Words....Even a single word has great power to inform or provoke us. My primary research interests lie in furthering our understanding of the cognitive processes and neural substrates that support written and spoken word production and comprehension.
At a cognitive level, this work includes examining questions such: What do we know when we know the spellings of words? To what extent are lexical phonological orthographic, semantic and syntactic processes independent from one another? If they interact, at what level of processing? And, in what manner? Most of this work involves the detailed examination of the language performance of individuals who have suffered neural injury (typically from stroke) that has affected language functions. These cognitive neuropsychological data provide a "window" into the organization and internal structure of lexical processing mechanisms. In this context, my work is primarily focused on written word production (spelling) and dysgraphia.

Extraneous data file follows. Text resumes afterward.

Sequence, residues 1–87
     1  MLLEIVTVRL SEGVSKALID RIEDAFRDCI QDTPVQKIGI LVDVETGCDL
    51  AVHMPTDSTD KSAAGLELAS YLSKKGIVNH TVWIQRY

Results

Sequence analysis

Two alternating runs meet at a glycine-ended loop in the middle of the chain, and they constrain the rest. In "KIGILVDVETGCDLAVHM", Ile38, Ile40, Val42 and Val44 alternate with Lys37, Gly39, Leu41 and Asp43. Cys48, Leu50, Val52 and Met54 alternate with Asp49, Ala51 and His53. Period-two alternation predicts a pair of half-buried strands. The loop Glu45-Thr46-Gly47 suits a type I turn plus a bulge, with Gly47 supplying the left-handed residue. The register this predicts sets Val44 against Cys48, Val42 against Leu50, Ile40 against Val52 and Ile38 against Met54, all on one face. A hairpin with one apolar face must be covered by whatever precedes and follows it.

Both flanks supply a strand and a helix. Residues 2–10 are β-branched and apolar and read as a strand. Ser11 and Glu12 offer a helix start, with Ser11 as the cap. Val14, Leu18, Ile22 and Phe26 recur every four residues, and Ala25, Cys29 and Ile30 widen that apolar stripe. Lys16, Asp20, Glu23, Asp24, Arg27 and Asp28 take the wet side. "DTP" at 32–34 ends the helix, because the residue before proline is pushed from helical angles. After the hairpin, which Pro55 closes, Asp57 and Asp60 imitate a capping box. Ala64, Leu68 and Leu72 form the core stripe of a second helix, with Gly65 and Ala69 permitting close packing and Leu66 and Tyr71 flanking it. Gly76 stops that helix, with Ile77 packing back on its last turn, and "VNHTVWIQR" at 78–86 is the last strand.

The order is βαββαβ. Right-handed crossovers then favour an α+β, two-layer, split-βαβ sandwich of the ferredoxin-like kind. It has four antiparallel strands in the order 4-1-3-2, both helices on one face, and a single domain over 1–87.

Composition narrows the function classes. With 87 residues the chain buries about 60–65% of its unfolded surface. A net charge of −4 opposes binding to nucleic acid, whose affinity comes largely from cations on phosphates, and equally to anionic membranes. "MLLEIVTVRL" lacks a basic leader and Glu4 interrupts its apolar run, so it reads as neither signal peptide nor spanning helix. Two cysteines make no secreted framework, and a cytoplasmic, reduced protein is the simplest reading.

At the neural level, I work to understand the neural substrates that support written language production (spelling) and comprehension (reading) in the intact system, as well as to understand the neuroplastic changes that occur with new orthographic learning and also the recovery of written language functions in cases of neural injury or neurodegenerative disease. The work on recovery uses fMRI (functional magnetic resonance imaging) to understand the complex, multi-level neural network changes that support re-learning and recovery in the face of damage and disruption.